Mummy/Daddy what's a war? How do we respond to this question?

Mar 11, 2022
War in the Ukraine

I’m sure we’re all acutely aware of the atrocities happening in Ukraine at the moment and feel anxious and despairing. I know that every time I hear a news story of a family fleeing or worse a family being killed, I feel so desperate for everyone there.

News is constant and it is very compelling to have the radio or TV on in the background and forget that our children are watching and listening.

They’ll hear the stories, the bombings, they’ll see photos children just like them with white anxious little faces.

They will be drawing conclusions and feeling anxious, even if they aren’t able to express that to us.

So what can we do about it?

Here are some tips:

1. Avoid exposing young children to radio or TV news or photos in the newspapers. Even though there’s a war, children mustn’t be exposed to it and risk living in fear. So wait till they go to bed or switch to another programme if they come in the room.
2. If they see us have a strong reaction to the news – a sharp intake of breath, holding our head in our hands, our faces screwed up with anxiety, they will feel much less safe. We need to stay calm at least within their eyesight or earshot.
3. They might ask you a question about the war. First off clarify with them what they’ve seen or heard – there’s no point in giving a long explanation about Putin’s invasion if they are really fearful of a crowded train journey. Ask: “What is it that you’ve heard already?” or “Is there anything specific you are worried about or afraid of?”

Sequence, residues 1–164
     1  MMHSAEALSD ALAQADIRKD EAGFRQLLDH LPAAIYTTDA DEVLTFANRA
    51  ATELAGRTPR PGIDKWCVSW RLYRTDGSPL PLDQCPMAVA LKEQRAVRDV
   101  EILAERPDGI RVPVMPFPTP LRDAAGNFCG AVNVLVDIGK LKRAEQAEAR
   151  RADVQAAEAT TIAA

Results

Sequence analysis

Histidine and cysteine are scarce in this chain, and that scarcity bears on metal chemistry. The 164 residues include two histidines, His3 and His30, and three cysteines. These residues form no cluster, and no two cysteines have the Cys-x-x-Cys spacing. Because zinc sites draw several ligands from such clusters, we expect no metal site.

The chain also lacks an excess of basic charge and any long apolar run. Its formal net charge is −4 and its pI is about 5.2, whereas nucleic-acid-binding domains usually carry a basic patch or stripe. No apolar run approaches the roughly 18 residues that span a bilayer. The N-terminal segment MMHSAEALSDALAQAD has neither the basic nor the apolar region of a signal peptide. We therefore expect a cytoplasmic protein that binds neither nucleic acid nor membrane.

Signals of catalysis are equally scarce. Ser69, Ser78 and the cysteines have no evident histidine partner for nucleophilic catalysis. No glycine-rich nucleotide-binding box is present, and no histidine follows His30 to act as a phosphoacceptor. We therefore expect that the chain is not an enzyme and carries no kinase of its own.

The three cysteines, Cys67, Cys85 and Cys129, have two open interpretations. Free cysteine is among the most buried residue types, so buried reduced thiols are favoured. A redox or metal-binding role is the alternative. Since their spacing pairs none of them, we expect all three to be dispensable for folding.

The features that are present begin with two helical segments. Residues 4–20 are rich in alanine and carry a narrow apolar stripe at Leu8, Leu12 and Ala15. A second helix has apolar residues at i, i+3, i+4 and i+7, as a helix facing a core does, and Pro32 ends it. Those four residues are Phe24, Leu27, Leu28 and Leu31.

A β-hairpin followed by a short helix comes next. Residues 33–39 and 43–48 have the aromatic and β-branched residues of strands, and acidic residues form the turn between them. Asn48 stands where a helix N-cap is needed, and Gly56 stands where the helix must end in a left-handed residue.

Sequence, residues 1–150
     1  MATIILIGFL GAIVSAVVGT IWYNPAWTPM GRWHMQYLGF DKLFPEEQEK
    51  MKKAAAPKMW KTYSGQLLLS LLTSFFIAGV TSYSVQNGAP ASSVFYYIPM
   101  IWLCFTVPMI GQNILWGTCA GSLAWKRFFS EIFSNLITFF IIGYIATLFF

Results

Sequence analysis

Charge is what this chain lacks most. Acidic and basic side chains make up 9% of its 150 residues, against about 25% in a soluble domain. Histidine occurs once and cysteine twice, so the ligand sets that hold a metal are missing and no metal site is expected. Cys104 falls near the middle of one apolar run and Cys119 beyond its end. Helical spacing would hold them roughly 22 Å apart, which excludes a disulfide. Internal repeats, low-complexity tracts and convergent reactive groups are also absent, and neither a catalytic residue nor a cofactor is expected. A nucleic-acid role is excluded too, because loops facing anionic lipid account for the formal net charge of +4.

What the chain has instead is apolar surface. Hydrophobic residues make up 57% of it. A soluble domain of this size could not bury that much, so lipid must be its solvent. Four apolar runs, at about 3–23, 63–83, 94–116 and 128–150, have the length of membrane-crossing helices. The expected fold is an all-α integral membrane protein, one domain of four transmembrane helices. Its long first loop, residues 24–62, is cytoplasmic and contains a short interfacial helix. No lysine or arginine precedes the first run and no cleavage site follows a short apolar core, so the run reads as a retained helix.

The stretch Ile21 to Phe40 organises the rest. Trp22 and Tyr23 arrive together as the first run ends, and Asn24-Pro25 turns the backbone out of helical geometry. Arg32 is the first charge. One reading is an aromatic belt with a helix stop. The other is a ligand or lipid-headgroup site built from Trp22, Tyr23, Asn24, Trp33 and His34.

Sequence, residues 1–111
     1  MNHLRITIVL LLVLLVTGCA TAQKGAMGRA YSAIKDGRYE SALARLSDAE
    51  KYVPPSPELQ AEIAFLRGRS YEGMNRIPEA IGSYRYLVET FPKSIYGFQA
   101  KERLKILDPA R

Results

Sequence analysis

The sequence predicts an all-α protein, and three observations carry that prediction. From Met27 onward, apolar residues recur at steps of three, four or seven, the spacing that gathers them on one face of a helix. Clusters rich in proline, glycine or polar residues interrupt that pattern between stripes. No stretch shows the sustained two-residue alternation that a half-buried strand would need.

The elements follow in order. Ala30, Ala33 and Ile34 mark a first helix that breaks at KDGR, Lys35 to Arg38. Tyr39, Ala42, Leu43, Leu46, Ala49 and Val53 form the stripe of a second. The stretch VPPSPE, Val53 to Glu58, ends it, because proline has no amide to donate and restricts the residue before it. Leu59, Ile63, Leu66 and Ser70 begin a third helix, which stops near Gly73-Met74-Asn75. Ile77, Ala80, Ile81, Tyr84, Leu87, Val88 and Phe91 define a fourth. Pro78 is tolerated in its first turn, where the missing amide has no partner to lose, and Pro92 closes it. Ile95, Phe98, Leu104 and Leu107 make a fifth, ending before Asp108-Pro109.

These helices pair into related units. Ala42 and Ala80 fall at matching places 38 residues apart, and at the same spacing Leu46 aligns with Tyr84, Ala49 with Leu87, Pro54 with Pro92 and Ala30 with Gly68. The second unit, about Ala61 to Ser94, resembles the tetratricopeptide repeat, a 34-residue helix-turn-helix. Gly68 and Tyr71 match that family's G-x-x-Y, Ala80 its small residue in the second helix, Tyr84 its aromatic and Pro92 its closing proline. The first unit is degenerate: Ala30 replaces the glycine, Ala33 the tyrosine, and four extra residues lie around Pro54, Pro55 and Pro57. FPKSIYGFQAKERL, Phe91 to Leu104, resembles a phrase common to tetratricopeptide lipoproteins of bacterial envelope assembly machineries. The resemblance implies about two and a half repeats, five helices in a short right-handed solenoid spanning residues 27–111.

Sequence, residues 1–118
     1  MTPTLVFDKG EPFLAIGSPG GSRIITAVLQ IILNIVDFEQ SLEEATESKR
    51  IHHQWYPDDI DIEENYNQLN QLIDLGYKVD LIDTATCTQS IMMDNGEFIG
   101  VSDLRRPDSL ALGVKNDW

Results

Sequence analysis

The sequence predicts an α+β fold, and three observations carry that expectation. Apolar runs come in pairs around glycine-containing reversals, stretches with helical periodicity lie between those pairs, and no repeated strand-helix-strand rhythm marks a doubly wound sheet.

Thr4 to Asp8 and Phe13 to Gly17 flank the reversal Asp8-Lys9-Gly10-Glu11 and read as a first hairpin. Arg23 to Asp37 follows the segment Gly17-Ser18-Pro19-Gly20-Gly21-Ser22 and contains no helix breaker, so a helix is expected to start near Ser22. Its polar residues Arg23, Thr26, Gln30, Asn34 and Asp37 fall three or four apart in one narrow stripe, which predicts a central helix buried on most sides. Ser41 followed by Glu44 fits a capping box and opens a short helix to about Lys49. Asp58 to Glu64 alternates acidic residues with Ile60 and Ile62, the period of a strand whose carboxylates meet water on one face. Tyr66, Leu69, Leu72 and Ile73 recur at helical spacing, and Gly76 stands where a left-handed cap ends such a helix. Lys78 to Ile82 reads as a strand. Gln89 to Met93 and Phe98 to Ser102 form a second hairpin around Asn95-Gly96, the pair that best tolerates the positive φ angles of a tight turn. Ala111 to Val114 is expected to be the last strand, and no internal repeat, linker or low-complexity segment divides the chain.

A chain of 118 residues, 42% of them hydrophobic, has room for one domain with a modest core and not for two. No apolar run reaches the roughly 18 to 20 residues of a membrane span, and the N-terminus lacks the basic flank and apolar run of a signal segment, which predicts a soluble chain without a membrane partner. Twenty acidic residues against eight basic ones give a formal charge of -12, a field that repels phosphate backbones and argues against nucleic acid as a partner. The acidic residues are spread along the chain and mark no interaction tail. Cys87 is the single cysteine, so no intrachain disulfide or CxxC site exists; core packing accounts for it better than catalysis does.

4. Explain briefly that people in Ukraine are having a very hard time and inspire them to contribute. Instead of a sense of helplessness about the pain and suffering of the Ukranians, we can instead talk about everything the world is doing. Talk to them about the Polish mothers leaving prams and buggies at the train stations to give to Ukranian families who arrive.
Or the fact that families are welcoming people into their home to stay.
There are so many incredible news stories of strength and kindness. Then talk about ways your child could help – maybe it is to do a bake sale? We’ve done many of these over the years on the pavement outside our house. It is amazing how generous passers-by will be when seeing a young child selling a scruffy looking cupcake. Or they could draw a picture or say a prayer to send love.
5. As well as clarifying what your child knows, we can respond with things like “It’s scary to hear about other children suffering”. We can tell them that most people in the world are good and kind but sometimes grownups forget to be like that and they fight and hurt other people. Reassure them that the fighting is very far away and that lots of people are helping to stop it. Discuss something kind they could do as above – bake a cake or draw a picture. If you child has pocket money or savings, encourage them to donate to charity.

I hope that helps. If you have any other ideas or questions, please email me [email protected] and share them with me so I can put them on my Instagram to share with others.

I hope you and your family are safe.

Sending my love and best wishes



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